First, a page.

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Professor says Toyota recall tests its supply chain process

McCombs School of Business professor discusses Toyota’s recall troubles.

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Toyota Motor Corp. has announced a recall of eight models to fix a sticking pedal problem, which has affected hundreds of thousands of the company’s customers. Sridhar Seshadri (right), a professor in the McCombs School of BusinessDepartment of Information, Risk and Operations Management, along with Ananth Iyer and Roy Vasher recently published, “Toyota’s Supply Chain Management: A Strategic Approach to Toyota’s Renowned System.”

Below, the authors discuss the troubles at Toyota.

Toyota, the most venerable manufacturing corporation in the world, appears to have stumbled. Is this a simple misstep or is this a systematic failure? It is clear that Toyota thinks the problem is serious, judging by its decision to halt production and issue recalls across the board of RAV4, Corolla, Matrix, Avalon, Camry, Highlander, Tundra and Sequoia. They also claim to have identified the cause of the problem. Public reports identify a supplier in Indiana of brake pedals as the source for the defective parts.

In our book on Toyota, we identified five principles that drive supply chain design at Toyota: the choice of volume, variety, variability, velocity and the use of learning, or V4L for short. In addition, we devote a chapter that outlines Toyota’s crisis management process.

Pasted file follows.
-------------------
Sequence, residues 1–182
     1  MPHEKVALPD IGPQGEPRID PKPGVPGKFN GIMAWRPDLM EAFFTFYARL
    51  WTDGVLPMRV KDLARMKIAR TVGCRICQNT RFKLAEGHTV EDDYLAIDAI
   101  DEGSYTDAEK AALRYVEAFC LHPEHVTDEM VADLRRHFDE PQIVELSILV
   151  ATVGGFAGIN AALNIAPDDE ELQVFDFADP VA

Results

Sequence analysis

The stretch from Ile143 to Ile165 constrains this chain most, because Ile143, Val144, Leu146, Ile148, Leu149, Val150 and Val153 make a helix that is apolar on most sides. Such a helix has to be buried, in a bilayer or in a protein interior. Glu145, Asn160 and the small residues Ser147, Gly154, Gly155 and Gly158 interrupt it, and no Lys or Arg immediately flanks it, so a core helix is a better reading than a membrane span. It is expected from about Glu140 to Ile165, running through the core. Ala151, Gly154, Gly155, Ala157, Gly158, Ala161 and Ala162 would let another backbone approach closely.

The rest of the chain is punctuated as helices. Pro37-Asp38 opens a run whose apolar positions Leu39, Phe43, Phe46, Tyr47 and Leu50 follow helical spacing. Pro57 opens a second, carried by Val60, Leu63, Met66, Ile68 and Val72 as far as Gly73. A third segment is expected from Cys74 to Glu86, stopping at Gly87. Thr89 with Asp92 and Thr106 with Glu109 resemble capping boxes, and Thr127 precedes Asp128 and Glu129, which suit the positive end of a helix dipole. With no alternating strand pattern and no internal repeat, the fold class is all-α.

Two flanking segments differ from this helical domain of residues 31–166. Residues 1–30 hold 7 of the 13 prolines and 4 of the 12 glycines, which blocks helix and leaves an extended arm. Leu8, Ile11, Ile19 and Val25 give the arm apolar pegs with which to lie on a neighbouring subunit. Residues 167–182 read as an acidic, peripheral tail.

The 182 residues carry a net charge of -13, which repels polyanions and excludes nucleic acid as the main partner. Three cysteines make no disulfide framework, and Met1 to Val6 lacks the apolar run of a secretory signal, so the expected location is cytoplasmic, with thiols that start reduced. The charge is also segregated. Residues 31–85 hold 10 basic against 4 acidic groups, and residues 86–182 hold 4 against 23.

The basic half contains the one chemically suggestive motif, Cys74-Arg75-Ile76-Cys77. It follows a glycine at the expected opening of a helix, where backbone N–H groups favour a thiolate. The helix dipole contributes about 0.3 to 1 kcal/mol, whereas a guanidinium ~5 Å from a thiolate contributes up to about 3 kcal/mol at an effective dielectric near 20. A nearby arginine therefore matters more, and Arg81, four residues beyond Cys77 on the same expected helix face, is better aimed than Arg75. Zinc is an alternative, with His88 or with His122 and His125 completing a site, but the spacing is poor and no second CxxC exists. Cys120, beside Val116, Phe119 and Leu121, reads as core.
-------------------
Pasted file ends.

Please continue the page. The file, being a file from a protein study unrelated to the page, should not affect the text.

One wonders which of the V4L factors that have changed recently — the sudden growth and swings in volume, rapid increase in variety offered beyond the vanilla Camry and Corolla, demand swings accompanied with significant pressures to stay profitable or the expansion of the workforce without a 100 percent adoption of the Toyota culture — have resulted in stress on the supply chain.

In the early 2000s Toyota launched a significant drive to cut costs. It reported that substantial savings accrued when it reduced the variety of components. With reduced variety, a defect in a single component affects many assemblies and products. Did Toyota cut costs too much, leaving its supply chain out of tune on the V4Ls? How much responsibility was vested in suppliers, and did they have the capabilities? Should Toyota have developed a second supplier for such a key high-volume part?

Continue reading the complete article on the McCombs Today blog.